In a labyrinthine district of New Delhi, Kalpana Singh is busy knocking on doors, straining to make out house numbers scratched on the walls and warmly greeting residents with a smile.
She is on a mission to record and document the occupants of the teeming and decrepit area in a routine being repeated daily across the chaotic country as part of the the 2011 national census.
The scale of the task is vast, the complications enormous and the effort and patience required in the summer heat of over 40 degrees Celsius (104 degrees Fahrenheit) admirable.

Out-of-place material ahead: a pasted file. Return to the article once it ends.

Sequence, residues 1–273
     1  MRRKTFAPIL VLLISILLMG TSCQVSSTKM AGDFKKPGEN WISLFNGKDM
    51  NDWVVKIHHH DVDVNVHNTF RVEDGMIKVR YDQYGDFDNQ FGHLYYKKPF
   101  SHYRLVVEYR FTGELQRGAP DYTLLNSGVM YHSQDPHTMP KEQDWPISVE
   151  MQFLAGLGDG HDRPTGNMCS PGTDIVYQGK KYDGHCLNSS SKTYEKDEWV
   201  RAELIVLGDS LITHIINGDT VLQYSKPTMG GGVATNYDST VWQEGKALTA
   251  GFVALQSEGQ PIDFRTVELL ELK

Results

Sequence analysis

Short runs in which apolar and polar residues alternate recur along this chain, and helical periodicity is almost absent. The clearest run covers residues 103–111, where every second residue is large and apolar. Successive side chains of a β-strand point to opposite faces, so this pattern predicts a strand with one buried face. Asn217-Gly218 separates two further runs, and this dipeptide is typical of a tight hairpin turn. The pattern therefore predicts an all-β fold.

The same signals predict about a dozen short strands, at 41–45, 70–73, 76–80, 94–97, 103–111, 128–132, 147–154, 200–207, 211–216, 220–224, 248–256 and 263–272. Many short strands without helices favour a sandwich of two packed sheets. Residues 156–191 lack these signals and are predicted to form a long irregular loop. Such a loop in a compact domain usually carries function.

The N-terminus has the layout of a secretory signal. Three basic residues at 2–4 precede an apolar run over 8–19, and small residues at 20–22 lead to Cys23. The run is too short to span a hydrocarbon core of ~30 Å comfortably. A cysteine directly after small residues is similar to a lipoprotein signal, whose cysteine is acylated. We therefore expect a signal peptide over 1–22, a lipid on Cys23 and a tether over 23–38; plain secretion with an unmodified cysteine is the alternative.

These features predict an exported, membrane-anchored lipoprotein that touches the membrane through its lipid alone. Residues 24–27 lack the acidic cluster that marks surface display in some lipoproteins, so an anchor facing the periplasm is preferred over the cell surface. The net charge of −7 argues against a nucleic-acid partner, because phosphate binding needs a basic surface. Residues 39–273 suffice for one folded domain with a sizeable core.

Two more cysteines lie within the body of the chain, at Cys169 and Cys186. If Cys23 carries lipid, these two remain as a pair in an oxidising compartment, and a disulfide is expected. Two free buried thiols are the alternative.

The census, undertaken every decade since 1872, will see 2.5 million staff fan out over a country with a bewildering range of cultures, languages and customs, rebel movements and at least 600,000 villages.
Kalpana, a teacher recruited for the exercise, has been given a mainly Muslim area of New Delhi in the north of the city, with 100 buildings and approximately 400 households. Two local adolescents serve as guides.
"Do you have toilets? A mobile phone? a bank account? Which caste are you from?", the same questions are repeated over and over again at each house.